The British government is considering a new law to regulate AI generated images, making their origins clear to all.
On the surface, new regulation being considered by the British government to require the labelling of any image created with AI seems a good idea. After all, AI is reaching a point, and in some cases has reached a point where artificially generated images are indistinguishable from real photos.
However, we all know how well intentioned, but poorly thought out laws can cause more problems than they solve. No specifics for the proposed regulation have been released, but the realm of AI image generation is fraught with grey areas.
For example, would a square photograph that has been changed to a 16:9 ratio with AI generated content to fill the sides be considered to be an AI generated image, and therefore required a label? Or, how about a photograph that has had power lines removed using an AI process? Furthermore, would the new regulation apply to artwork? After all, most of the fears from AI generated image content comes from the risk of fake imagery being used for nefarious purposes. Could the same be said of imagery that looks like comic artwork, or abstract?
Enforcement of such regulation could be pretty much impossible unless it was taken up unanimously on a global scale, and indeed this is what the Prime Minister hopes will be the case. A British AI safety agency is also in the process of being set up to monitor the various AI companies to ensure that they keep to their original intentions. Meanwhile, Google has also pledged to label AI generated content to inform users about an image's origins.
This is all being done with the best intentions, although given how fast AI is progressing, as well as factoring in the more criminal aspects of society, not to mention hostile governments around the world, it's hard not to see such discussions as bringing a water pistol to an assault rifle fight.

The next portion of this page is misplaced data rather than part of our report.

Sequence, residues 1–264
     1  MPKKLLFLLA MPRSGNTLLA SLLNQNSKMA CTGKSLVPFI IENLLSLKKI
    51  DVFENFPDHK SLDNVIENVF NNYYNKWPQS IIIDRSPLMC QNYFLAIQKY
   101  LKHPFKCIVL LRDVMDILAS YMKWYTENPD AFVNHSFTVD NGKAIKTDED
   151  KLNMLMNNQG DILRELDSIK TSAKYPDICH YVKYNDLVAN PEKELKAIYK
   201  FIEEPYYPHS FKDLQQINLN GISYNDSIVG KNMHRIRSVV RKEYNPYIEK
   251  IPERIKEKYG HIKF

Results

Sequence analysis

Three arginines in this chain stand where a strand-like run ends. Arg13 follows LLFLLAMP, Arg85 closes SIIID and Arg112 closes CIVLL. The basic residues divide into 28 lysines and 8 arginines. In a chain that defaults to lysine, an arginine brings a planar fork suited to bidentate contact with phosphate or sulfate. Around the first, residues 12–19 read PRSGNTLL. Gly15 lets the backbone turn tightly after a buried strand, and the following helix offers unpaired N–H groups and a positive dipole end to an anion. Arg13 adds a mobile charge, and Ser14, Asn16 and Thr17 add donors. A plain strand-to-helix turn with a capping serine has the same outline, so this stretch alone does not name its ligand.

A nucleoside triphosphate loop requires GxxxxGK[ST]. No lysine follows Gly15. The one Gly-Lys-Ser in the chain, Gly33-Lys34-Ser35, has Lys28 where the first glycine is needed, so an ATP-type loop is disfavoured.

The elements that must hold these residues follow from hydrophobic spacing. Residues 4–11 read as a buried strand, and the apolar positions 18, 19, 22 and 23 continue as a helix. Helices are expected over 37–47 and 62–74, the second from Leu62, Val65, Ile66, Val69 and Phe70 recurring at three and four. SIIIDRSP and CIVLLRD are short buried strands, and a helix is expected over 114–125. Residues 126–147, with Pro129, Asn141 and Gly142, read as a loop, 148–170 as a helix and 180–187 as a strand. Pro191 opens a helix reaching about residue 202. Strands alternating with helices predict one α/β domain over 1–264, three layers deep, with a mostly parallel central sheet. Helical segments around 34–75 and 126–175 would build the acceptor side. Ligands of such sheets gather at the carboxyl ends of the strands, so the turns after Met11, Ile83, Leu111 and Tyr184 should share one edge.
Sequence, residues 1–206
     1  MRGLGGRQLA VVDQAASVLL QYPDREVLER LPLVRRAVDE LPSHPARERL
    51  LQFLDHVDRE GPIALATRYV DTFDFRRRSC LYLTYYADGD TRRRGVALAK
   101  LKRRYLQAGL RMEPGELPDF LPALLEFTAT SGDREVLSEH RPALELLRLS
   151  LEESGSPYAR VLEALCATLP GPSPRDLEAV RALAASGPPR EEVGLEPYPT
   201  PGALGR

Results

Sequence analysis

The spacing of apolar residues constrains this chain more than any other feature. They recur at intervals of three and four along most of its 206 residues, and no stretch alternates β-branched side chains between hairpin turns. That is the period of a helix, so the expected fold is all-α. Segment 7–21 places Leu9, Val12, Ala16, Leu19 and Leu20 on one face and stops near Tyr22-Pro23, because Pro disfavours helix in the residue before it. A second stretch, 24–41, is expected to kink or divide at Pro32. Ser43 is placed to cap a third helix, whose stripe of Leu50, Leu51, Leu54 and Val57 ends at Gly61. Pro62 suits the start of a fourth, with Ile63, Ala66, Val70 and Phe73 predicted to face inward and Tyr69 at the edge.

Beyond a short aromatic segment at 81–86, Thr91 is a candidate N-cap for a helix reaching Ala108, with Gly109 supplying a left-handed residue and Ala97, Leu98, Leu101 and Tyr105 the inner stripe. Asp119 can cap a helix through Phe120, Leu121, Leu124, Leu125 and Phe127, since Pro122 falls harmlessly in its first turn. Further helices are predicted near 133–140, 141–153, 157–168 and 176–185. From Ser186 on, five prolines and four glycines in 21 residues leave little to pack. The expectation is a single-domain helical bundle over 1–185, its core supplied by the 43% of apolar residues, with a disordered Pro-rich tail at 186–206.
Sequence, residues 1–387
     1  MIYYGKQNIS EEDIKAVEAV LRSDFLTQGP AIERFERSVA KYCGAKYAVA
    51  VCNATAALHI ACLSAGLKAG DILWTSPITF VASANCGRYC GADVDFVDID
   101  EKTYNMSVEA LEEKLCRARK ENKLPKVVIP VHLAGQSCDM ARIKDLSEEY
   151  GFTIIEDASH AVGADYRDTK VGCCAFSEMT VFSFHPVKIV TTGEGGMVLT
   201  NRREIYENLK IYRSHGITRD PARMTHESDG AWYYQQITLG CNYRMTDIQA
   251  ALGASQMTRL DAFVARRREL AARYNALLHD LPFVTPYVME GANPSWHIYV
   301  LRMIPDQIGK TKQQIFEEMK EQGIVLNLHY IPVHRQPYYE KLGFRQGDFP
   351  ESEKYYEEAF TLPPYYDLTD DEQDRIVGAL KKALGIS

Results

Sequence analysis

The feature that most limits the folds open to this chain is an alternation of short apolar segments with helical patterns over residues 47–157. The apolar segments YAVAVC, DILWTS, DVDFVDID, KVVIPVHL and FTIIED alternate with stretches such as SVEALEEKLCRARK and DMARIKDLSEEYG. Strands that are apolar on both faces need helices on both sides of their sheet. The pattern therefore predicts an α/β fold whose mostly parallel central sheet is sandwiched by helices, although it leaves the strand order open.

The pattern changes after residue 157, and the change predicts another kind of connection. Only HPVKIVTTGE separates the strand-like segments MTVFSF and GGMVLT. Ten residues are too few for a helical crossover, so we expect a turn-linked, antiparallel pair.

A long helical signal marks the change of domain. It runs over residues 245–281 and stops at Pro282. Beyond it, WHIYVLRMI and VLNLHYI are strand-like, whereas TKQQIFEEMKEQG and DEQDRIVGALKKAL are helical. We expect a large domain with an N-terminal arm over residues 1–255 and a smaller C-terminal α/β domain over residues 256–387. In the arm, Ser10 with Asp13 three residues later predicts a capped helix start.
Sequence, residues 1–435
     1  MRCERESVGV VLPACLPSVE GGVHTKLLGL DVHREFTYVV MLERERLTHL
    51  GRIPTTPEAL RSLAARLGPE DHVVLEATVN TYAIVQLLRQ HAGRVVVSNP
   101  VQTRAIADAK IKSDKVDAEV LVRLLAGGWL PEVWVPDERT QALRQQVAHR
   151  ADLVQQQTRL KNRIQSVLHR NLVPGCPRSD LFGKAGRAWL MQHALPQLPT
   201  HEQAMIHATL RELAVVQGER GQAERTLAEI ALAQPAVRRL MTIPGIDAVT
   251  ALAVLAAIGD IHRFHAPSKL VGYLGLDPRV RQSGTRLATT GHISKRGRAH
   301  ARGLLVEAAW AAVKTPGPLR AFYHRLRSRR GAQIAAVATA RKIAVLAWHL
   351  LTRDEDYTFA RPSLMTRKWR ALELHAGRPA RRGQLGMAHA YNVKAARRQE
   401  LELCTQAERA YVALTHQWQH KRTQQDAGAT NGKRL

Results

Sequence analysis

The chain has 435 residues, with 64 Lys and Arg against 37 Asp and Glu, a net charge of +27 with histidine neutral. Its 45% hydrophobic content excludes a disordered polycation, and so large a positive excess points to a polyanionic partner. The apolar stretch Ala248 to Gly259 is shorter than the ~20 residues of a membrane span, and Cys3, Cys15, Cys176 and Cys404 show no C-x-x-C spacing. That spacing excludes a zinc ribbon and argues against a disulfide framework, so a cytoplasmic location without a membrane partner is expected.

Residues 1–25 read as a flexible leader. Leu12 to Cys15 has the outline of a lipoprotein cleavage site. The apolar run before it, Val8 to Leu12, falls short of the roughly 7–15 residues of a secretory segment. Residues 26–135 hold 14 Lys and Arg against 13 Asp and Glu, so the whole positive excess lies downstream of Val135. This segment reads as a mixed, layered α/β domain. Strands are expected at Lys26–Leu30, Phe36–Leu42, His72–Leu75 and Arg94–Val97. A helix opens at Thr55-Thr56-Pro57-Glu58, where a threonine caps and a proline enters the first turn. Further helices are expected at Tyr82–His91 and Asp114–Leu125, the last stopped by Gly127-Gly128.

Regulation works when it is easily enforceable, but unfortunately, the internet works by relying on an enormous amount of good will and community. Unfortunately, as we've seen all too often, the internet is in reality a Wild West. Then there's the question of what the punishment would be for not labelling an image? Not to mention the question of who would be liable? If an AI image is posted anonymously, and it's so good that it is indistinguishable from reality, and it spreads around the internet, who bears the legal responsibility?
The legal aspect of AI is something that we will, ultimately, have to get to grips with, but I fear it's going to be a very long, drawn out process, with many speed bumps along the way. There's no question that regulation will be needed, but the elephant in the room is how it can ever be done with any degree of true effectiveness?